Full text: Study week on the econometric approach to development planning

of the ethical or political choice of an objective function from 
the investigation of the set of technologically feasible paths. 
Our main conclusion will be that such a separation is not work- 
able. Ignoring realities in adopting « principles » may lead 
one to search for a nonexistent optimum, or to adopt an 
« optimum » that is open to unanticipated objections. 
In connection with the first aim, Section 3 recalls a few 
results of the theory of linear and convex programming in a 
Anite number of variables, that bear on the problem of opti- 
mum growth. The reading of this section is believed to be 
helpful rather than essential for what follows. Indeed, in most 
of its formulations, the problem of optimal growth is a special 
problem in mathematical programming. The main new ele- 
ment arises from the open-endedness of the future. If one 
adopts a finite time horizon, the choice of the terminal capital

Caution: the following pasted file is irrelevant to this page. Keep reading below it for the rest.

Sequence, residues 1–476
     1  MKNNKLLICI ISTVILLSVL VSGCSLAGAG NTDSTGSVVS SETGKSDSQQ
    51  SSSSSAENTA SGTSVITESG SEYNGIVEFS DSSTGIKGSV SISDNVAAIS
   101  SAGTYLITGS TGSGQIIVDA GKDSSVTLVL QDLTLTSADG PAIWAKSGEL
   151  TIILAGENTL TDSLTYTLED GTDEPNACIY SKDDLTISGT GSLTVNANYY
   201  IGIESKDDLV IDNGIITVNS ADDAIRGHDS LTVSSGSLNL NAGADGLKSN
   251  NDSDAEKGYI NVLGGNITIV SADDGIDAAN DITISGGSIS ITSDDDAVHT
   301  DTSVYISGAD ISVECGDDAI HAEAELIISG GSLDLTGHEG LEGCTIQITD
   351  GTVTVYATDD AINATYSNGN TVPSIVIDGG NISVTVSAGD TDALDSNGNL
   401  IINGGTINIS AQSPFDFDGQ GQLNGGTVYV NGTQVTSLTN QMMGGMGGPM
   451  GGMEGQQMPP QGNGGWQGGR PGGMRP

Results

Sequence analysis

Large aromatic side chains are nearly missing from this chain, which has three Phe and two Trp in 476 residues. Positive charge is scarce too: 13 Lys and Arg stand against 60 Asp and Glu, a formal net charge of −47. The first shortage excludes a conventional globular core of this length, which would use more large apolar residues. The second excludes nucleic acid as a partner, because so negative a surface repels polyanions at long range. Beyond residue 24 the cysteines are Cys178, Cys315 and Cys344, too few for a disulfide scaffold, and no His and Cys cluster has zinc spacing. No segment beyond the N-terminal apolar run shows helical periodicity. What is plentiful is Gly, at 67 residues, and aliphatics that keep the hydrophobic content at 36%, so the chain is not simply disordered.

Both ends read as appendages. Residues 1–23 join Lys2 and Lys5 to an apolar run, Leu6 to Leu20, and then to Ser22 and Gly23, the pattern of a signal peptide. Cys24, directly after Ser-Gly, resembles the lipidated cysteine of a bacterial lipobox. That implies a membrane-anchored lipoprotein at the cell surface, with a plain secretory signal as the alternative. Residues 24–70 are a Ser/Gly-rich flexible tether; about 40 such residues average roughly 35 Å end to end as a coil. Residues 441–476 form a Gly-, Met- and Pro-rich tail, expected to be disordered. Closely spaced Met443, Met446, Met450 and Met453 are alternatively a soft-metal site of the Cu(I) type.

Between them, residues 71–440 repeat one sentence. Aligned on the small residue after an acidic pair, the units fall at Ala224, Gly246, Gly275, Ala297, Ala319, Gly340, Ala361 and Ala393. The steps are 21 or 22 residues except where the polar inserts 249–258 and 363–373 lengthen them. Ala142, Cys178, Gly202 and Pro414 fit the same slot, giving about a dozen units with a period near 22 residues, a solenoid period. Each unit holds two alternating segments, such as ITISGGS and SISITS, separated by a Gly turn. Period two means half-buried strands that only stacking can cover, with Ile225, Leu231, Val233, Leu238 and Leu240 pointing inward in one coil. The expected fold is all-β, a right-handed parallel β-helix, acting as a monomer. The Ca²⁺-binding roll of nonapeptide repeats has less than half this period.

stock is as much a part of the problem to be solved as the 
choice of the path. Terminal capital, after all, represents the 
collection of paths beyond the horizon that it makes possible. 
An infinite horizon is therefore perhaps a more natural speci- 
fication m many formulations of the problem of optimal growth. 
The mathematical complications so created are the price for 
the greater explicitness of long run considerations thus made 
Sections 4-6 analyze a model with a single producible good 
serving both as capital in the form of a stock, and as a con- 
sumption good in the form of a flow. It is produced under a 
constant technologv bv a labor force growing exogenously at 
a given exponential rate. Proofs for many of the propositions 
labeled (A), (B), ... in Section 4 are given under the same 
label in an Appendix (1). 
In Section 7 the findings of the logical experiments of Sec- 
tions 5. 6 are examined. The main conclusion is that some 
(") Approximate equivalents of propositions (E), (F), (H), (I), (J) were 
obtained independently by Davip Cass [1963]. The connection between the 
limiting case of a zero discount rate and the « golden rule of acenmnlation » 
{see Section 5) is also observed and discussed in Cass’s paper 
Konbmans - pag.

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